June 25, 2015
(+++) WHERE OPERETTA WENT
Jerome Kern and Oscar Hammerstein II: Show Boat. Heidi Stober, Michael Todd Simpson, Bill Irwin, Patricia Racette, Morris Robinson, Angela Renée Simpson, Harriet Harris, Kirsten Wyatt, John Bolton; San Francisco Opera Chorus and Orchestra conducted by John DeMain. EuroArts DVD. $29.99.
The decade of the Roaring Twenties in the United States and the Weimar Republic in Germany was one of tremendous musical as well as social ferment. One central trend was the increasing seriousness of operetta, which had been largely fluff and nonsense in the years leading up to World War I. Leading the push to give operetta some of the heft of Puccinian opera was Puccini’s friend and colleague, Franz Lehár, who in this decade produced Paganini (1925), his first collaboration with tenor Richard Tauber, and then Der Zarewitsch (1926), Friederike (1928), and Das Land des Lächelns (1929), all of them bittersweet works with ambiguous and pathos-drenched endings, all of them reflective of a darker and less frothy world than that portrayed in Die lustige Witwe and Der Graf von Luxemburg.
In the United States, where there was little tradition of homegrown operetta despite the contributions to the form by John Philip Sousa, darker and more-serious themes emerged on Broadway, led in large part by Show Boat (1927), whose handling of racial prejudice and poignant love stories – all taken from Edna Ferber’s novel – offered a level of seriousness that was as new to the Ziegfeld Theater in New York as Lehár’s important 1920s works were to Vienna’s Johann Strauß-Theater and Berlin’s Deutsches Künstlertheater and Metropol Theater.
Show Boat paved the way for many musicals that later handled complex and difficult themes, such as South Pacific. And it is certainly arguable that a work like Show Boat gets its full due only in a full-scale operatic production like that delivered by the San Francisco Opera and now available on a EuroArts DVD. Indeed, the leitmotif of the river’s theme, so memorably captured in that most classic of Broadway songs, Ol’ Man River, recurs so frequently, tying so many strands of the plot together, that the overall feeling of Show Boat is distinctly operatic – especially when a full orchestra performs the music, as it does here.
What works beautifully in this production is that orchestra, led by John DeMain with enthusiasm, involvement, majesty and rich musical color. What works are the sprawling sets created by Peter J. Davison, along with perspective-bending stage pieces that contain the action while at the same time framing and focusing it. What works are Paul Tazewell’s bright and attractive costumes, many of them in red, white, and blue, emphasizing that this is a quintessentially American story.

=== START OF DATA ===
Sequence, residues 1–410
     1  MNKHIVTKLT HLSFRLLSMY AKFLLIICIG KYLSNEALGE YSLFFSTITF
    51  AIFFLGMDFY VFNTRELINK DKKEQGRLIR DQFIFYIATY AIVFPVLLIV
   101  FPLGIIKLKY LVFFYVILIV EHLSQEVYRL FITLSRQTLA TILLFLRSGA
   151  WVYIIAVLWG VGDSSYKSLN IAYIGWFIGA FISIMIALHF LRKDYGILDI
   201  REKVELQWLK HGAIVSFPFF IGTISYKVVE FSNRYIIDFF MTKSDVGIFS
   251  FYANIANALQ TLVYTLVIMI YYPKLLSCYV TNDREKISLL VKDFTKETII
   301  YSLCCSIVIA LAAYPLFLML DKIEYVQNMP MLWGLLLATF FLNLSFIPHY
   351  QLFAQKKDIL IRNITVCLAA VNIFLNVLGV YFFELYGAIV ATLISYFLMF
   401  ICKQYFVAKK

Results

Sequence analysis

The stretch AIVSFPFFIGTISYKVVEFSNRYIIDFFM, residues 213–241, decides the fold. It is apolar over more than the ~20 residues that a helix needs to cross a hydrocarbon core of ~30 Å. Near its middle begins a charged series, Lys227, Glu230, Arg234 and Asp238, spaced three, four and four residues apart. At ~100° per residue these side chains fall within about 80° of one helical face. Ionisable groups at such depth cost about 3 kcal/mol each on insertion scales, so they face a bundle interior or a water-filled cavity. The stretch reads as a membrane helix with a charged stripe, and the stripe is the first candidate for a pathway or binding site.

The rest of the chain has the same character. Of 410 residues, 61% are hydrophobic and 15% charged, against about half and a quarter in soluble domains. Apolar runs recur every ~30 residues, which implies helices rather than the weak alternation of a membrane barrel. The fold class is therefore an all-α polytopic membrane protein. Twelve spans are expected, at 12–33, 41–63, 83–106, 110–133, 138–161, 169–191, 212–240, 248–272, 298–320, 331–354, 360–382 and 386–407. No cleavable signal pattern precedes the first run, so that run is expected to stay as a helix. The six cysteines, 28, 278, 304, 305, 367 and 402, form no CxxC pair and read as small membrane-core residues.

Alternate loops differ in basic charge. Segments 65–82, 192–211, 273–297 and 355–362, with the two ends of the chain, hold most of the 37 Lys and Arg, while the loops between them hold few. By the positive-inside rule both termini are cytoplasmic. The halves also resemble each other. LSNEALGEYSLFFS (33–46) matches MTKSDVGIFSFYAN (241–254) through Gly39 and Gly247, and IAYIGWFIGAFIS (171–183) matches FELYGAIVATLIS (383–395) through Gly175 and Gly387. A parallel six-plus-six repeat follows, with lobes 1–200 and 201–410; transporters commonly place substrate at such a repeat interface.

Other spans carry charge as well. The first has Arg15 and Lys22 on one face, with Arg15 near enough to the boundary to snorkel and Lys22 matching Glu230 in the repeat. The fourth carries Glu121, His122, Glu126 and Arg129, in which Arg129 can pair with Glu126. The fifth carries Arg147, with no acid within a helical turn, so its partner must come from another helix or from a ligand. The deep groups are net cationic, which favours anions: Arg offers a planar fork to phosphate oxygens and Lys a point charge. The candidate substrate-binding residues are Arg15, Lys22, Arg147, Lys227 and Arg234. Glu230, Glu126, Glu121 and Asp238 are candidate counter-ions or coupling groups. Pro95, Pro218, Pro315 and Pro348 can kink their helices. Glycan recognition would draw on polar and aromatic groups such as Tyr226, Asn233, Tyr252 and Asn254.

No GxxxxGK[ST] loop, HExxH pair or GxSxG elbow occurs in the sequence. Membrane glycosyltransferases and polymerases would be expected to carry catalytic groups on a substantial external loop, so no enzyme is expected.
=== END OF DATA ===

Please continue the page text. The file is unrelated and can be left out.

What works rather less well is Michele Lynch’s choreography: there is a lot of dancing here, but after a while the steps and patterns start to seem repetitious, no matter how enthusiastically the San Francisco Opera Dance Corps performs them. As for the overall direction by stage director Francesca Zambello, it is solid and generally lively, making for fine entertainment. The solos, ensembles, and larger choral scenes generally mesh well, as is important for the dramatic effect of Show Boat. The splashiness seems overdone at times, almost veering into triviality here and there, but that is arguably an effective way to prevent the production from becoming too gloomy – even if the approach creaks a bit.
The singing and acting here are where matters do creak. There is considerable dialogue in Show Boat, as in the operetta form and the Singspiel before it – but here the area mikes used to amplify the words do their job with varying levels of effectiveness. The miking is not a benefit to the singing, either. Bass Morris Robinson, the emotional heart of the work, brings barely controlled anger and a deeply moving sense of acceptance with forbearance to Ol’ Man River, making the river’s indifference to the petty fates of those plying their trade upon its waters the anchor of the entire production. And baritone Michael Todd Simpson, whose role is normally sung by a tenor, makes a fine flawed hero, his voice firm and full and melding elements of operatic and Broadway style, his untrustworthy character both realistic and overdone in an appealing way. Also highly engaging is Angela Renée Simpson, notably when singing Mis’ry’s Comin’ Aroun’.
Other singers, though, are not at this level. Patricia Racette is disappointing as Julie, victimized by a charge of miscegenation: her two big numbers, Can’t Help Lovin’ Dat Man in Act I and Bill in Act II, are stiffly sung and have far too much vibrato. Kirsten Wyatt as Ellie Mae Chipley is too far on the lighthearted side to be fully effective. And as Magnolia Hawks, Heidi Stober projects a remote, almost chilly personality, and her acting is more posed than poised – she is distanced from the other characters and thus from the audience.
The chance to see Show Boat performed in an operatic setting by a first-class American opera troupe is a welcome one, and the gravitas of the show’s themes is certainly communicated well in this production – although the DVD’s bow to political correctness in a note that “this production contains occasional explicit racial language” is simply dumb. Half an hour of interviews with performers is included on the recording, making for a thorough vision both of Show Boat as a stage work and Show Boat as a period piece that nevertheless speaks to concerns that have persisted into the 21st century. This is a substantial work that showed how far Broadway could go in exploring significant societal issues if it so chose. Like Lehár’s later operettas, it brought depth to a field that had almost always been pleasantly shallow before: it seems altogether fitting that the primary image of Show Boat is that of an ancient and powerful, if ultimately indifferent, river.